What I didn't know was how far this little hobby would go. In Texas I started to find butterfly eggs on the plants about April. As soon as milkweed started to pop out of the ground there were butterflies laying eggs on it. In New York I found Monarch eggs late in the summer. I've found them as late as October too.
The eggs are tough to photograph. They're a pinprick of creamy white. Oval shaped and miniscule. Milkweed bleeds a sticky white substance that will ooze out of the plant if it's scratched or broken. The drops are flat. Eggs are much smaller. But there are aphids and other things on the plants. You'll have to figure it out if you want to raise them. A magnifying glass could help.
When the caterpillars turned into a chrysalis and firmed up (never touch a chrysalis or a freshly hatched butterfly), I'd carefully remove the chrysalis from the roof of the plastic box. Chrysalises attach with webbing and it's easy to gently grasp the stem of a Monarch chrysalis and tug it free. The webbing will come with it.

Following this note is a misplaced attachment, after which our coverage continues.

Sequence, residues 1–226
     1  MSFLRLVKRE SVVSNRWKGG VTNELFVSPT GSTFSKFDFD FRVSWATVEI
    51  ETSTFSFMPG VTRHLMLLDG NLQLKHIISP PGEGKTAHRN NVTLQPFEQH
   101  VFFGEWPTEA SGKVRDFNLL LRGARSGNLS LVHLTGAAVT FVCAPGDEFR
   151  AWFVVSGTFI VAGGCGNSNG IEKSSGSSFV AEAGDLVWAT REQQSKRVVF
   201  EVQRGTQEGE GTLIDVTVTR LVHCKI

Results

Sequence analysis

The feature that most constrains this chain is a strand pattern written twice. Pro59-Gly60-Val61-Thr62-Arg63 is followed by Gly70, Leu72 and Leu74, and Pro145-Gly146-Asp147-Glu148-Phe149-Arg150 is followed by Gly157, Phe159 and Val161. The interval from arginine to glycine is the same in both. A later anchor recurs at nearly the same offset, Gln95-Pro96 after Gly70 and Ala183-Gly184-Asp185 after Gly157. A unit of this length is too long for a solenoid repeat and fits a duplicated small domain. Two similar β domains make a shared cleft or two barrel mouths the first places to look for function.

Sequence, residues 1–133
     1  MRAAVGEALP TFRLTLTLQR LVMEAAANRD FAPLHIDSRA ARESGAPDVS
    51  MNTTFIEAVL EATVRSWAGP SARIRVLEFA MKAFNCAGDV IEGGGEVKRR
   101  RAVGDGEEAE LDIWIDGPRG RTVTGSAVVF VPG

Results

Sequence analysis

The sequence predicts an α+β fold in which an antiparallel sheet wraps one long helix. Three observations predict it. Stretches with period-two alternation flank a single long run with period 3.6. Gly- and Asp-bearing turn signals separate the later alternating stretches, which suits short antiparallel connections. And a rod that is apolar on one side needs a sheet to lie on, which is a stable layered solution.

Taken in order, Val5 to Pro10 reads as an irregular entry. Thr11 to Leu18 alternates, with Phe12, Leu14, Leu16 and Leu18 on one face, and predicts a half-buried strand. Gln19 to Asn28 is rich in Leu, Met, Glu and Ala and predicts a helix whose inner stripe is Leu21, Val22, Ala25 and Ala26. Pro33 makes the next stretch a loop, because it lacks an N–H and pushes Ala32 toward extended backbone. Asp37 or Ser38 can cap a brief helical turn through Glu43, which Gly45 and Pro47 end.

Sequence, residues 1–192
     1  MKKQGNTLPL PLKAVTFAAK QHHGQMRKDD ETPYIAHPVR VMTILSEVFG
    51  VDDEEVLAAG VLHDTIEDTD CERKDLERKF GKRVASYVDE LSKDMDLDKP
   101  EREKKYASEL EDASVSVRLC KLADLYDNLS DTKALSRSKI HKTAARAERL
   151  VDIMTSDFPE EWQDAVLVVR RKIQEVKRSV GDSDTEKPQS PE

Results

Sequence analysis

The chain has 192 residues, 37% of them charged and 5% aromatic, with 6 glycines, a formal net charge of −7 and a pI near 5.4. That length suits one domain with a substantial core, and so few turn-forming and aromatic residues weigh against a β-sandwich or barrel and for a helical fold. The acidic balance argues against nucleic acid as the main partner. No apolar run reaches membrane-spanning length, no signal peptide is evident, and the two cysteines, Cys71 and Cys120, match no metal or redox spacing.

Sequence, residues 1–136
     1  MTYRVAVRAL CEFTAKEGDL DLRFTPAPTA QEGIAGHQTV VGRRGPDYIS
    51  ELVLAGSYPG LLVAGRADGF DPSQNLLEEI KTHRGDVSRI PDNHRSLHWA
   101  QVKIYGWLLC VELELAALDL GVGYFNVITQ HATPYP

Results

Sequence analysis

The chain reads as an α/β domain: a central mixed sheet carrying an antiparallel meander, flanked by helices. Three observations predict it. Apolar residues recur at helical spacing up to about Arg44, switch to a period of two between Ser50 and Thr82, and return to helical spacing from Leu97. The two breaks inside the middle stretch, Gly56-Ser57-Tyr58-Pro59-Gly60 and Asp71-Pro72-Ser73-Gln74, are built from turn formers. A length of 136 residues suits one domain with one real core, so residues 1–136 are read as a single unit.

I'd hook the chrysalises onto the top of a larger cage. I used large safety pins to attach them (through the webbing, handle a chrysalis with extreme care).
It still thrills me to watch a butterfly hatch. There is a general timeline for how long it takes an egg to hatch, the caterpillar to eat a lot of milkweed and grow into a big caterpillar, attach to the roof of a cage/stem of milkweed/bottom of the dining room table when they escape, shed their exoskeleton and form a chrysalis (not a cocoon, that's something else), and eventually become a butterfly. When they hatch it takes time for their wings to expand, they're wet and touching them will ruin them until they've dried and their wings are firm.
When I lived in New York I started tagging my butterflies before releasing them. Monarch Watch through the University of Kansas has an incredible program and sells the tags. We'd carefully log in each butterfly, sex, date, location, and set them free! My family and I learned about the migratory pattern of these amazing butterflies. We learned that they live only a couple weeks and head north in the spring and summer laying eggs. At the end of the season they hatch smaller butterflies that migrate all the way to Mexico (and other places). Those are the ones to catch and tag. They won't be laying eggs. They are on a mission to survive the winter.